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A. Sorry in advance for the wishy-washiness of this reply, but it all depends on your priorities. Do you prefer high-quality audio or ease of use? And will dropping an extra $20 or so make a big difference on your financial outlook? Let's look at all the options, and pick apart their pluses and minuses.
The two major players in the iPod accessories realm are from Griffin Technology (griffintechnology.com) and Belkin (belkin.com). The latter was the first to offer an iPod voice recorder, with the debut last year of the, uh, Belkin Voice Recorder for iPod. (Note to Belkin: There must be a gazillion unemployed liberal-arts grads who could gin up a catchier name. Hire one.) Griffin's iTalk followed this past April.
Before you get too excited about entering the ever-so-exciting world of voice recording, keep in mind that both products work only with the snazziest iPodsspecifically the "third-generation" models that boast iPod software version 2.1.
In terms of appearance and performance, the Belkin and the iTalk are pretty similar. Each one's simply a little box that jacks directly into the headphone port, and records audio with a built-in microphone. They also feature miniature speakers, so you can play back whatever you've just recorded.
Mr. Roboto's lab test consisted of using the Belkin and iTalk to record a person speaking 30 feet away in an indoor environment, a few minutes of personal dictation, and a tin-drum performance on the 14th Street 2-3 subway platform. In terms of recording quality, the iTalk won the first two rounds hands down; the subway experiment was a wash, as the performer's easy-listening Bob Marley-slash-Steely Dan medley sounded muddy through both devices. The iTalk's built-in speaker also delivered much crisper sound during playback.
Given that the iTalk retails for $40, compared to $60 for the Belkin, this seems like a no-brainer. But keep in mind that neither device produces especially high-quality recordings, a limitation that can be ascribed in part to the iPod's lack of recording controls, and in part to the overall crappiness of the mics. Unlike the Belkin, the iTalk lets you use an external micyet another point for the Griffin folks. But if you really want the sharpest sound, it's worth checking out Belkin's Universal Microphone Adapter ($40). In combination with a rock-solid external micMr. Roboto used the Sony ECM-F01the adapter provided the best audio quality of the lot, especially for indoor recording.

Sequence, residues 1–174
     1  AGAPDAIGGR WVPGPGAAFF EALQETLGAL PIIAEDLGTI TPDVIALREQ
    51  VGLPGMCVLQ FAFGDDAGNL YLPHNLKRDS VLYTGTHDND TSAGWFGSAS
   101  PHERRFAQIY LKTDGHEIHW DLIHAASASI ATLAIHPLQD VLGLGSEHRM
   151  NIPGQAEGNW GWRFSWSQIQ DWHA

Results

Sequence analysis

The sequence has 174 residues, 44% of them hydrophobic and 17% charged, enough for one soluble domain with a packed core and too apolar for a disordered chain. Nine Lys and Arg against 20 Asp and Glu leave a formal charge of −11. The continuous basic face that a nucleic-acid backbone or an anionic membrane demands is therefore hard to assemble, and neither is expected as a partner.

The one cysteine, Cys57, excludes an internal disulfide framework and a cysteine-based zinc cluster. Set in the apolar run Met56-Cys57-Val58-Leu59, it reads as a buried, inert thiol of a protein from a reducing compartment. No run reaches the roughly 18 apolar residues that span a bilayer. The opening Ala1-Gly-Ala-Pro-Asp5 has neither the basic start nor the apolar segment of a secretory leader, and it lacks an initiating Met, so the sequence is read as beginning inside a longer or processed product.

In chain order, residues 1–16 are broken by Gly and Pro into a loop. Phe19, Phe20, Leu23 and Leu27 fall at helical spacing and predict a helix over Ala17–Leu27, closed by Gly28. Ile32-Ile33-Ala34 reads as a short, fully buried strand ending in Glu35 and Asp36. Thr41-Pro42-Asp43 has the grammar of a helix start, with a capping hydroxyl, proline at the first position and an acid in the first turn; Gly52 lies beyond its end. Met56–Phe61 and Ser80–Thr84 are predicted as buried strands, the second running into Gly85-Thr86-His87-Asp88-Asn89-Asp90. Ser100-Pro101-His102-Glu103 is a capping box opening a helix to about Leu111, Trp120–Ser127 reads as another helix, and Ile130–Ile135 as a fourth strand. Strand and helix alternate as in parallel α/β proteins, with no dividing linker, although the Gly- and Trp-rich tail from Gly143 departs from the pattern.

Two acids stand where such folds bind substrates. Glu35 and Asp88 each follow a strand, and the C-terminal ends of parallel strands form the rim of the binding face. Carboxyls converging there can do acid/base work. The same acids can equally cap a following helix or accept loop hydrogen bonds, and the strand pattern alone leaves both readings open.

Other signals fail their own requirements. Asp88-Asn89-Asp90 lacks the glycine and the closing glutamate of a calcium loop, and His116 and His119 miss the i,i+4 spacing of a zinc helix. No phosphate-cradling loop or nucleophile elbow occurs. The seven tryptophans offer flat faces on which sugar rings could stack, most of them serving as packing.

Of course, a serviceable mic will run you another $50 at least, pushing the real cost of Belkin's just-released gizmo to $90. Unless you're the sort of audiophile who enjoys monologuing cocktail party guests on the finer points of ProTools, the iTalk will make you a happy camper when all's said and done.
With apologies to Homer Simpson and his wisdom on the power of doughnuts, let Mr. Roboto quip, "The Japanese: Is there anything they can't do?" Last week, Tokyo's Takara Co. announced the Dream Workshop, a foot-tall gadget aimed at helping stressed-out businessmen have the most pleasant dreams possible. The user simply places a keepsake photo in the cradle, chooses a mood-enhancing musical snippet, and dozes off. Throughout the night, the $136 Dream Workshop broadcasts soothing mantras timed to coincide with the intervals at which REM sleep is most likely. Alas, it'll be a Japan-only offering for some time; if you're interested, keep on checking i4u.com to see if it's available on the gray market.
Though Macs are less susceptible than PCs to the horrors of spyware, they ain't necessarily immune. If you're too lazy to poke around your cookies in search of no-good nuggets, it's worth investing in Aladdin Systems' Internet Cleanup 2.0 (aladdinsys.com, $30). The software includes a pretty nifty pop-up blocker, as well as an "electronic shredder" that completely obliterates your deleted info. Just in case you're, y'know, paranoid. Not that there's any reason to be. Certainly not.